Over the course of this entry we’ve insulated and sheet-rocked the downstairs, built the A/C soffit, and begun taping.
We’re still waiting for the glass for the upstairs shower from Brooklyn Kitchens; nine weeks and counting.
If you recall my last entry, some of the windows were found to not have any brick under them, so the first thing we did is install the brick.
Insulating comes next.
When the insulation was finished, the crew chief came down and had a look. He likes things nice and warm, so he approves.
Here we’ve been ‘rocking and taping, and the A/C soffit has been roughed out.
I’d like to call this the ‘home theater’ edition, as most of the problems that have arisen have been coordinating the installation of what I’d call a modest home theater, and a couple of speakers in the back of the house that will carry music into the dining room/kitchen from my main music system in the living room. I’m fairly good with wiring electronic equipment, so we’re doing this ourselves.
The goal is to have all the wiring and speakers buried in the wall. Guys don’t mind wires, wives to, so this is to keep the wife happy!
I’m certainly aware that installing in-wall (as opposed to freestanding) speakers is supposed to result in sonic compromises. We’ll see. I did say a ‘modest’ home theater! First problem here, the GC is really an ‘old-school’ guy who has no idea about HT technology today, so I had a hard time explaining the whole concept. The electrician, otoh, is much more up to date on HT, but he’s only here intermittently.
The HT is to be located on the wall that is common to the L/R and bath. The left, right, and center speakers will be installed on that wall, around the TV, and the two surrounds in the ceiling. The plan is to install all the components in and on the walls (which means we have to sheetrock the front–living-room side–but not the back–bath side.) Then, we have to test everything, then remove all the components, sans wires, so we can tape, prime, etc. The wires to the HT receiver will be left hanging out of a gang box and then brought into a home theater wall plate. I’ll wire some short leads and banana plugs to connect to the amp.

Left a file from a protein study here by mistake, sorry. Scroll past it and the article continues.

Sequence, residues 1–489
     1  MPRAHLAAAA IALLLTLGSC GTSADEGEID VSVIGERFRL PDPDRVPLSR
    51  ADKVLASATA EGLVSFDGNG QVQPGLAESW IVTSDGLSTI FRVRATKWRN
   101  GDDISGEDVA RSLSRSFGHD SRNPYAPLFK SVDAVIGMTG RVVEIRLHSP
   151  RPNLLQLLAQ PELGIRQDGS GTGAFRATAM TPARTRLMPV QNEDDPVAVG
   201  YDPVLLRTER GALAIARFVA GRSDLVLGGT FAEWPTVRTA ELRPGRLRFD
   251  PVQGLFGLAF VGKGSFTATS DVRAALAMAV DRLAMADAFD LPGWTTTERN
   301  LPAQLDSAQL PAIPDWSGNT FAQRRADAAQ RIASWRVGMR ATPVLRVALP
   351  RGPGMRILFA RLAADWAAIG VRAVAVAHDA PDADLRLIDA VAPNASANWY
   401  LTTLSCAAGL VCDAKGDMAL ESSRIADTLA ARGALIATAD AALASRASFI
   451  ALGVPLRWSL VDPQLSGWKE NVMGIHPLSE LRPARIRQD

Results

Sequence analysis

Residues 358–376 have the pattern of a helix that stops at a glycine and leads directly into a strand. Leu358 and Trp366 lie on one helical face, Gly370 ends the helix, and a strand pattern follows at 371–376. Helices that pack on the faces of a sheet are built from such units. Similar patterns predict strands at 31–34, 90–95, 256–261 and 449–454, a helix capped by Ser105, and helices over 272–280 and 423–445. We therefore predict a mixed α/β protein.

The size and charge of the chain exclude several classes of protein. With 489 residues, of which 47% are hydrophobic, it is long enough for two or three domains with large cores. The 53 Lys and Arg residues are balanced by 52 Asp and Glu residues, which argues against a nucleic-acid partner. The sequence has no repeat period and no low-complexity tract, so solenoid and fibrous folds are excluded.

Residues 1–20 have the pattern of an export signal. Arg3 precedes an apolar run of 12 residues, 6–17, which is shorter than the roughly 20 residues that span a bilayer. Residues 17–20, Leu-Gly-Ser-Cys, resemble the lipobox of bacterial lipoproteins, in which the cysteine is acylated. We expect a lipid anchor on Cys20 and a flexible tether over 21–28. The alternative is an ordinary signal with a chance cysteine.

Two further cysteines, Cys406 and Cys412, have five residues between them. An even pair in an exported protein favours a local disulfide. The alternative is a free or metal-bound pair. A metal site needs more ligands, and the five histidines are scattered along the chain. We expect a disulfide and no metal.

The first thing we did was to reinforce the wall with 3/4″ plywood to make sure we had a stable place to hang the TV and bracket. And naturally, we placed an electric outlet there.
Next we hung the TV bracket, which was fairly simple given that we had access to see where all the studs were from behind the wall. The tricky part was getting the hundred pound TV up on the wall, since it was just my wife and I. A quick check of the BluRay player and we had a picture and sound from the TV speakers.
Now that we knew exactly where the TV went, we installed the speakers around the TV, as well as the ones in the ceiling. We brought up the home theater receiver from the basement, wired up all the speakers (except for the ones in the ceiling–they had already sheetrocked the ceiling without running the speaker wires). Here’s everything in place.
The two round holes in the ceiling are the surrounds. This is an all 1080p system and the sound was much better that I had hoped for, even without the benefit of surrounds and sub. Then we got to remove everything and put it all back in the basement!
Now we’ve done some more taping, there’s an AC vent in the same wall, and the electrician managed to snake those ceiling surrounds without too much trouble.
Here’s a view from the back, inside the bathroom. We’re going to insulate that wall to help with the sound.
You’d think installing a pair of in-wall speakers in the dining room would be easy. The electrician ran the cable and left it hanging in each corner while I placed the speakers. Then the sheetrock guys just came and did their thing and left it hanging there. The below pic is pretty funny; you can see the wire hanging in the corner while the speakers are in the wall.
Sure enough they had to take down some sheetrock and route the wires properly. See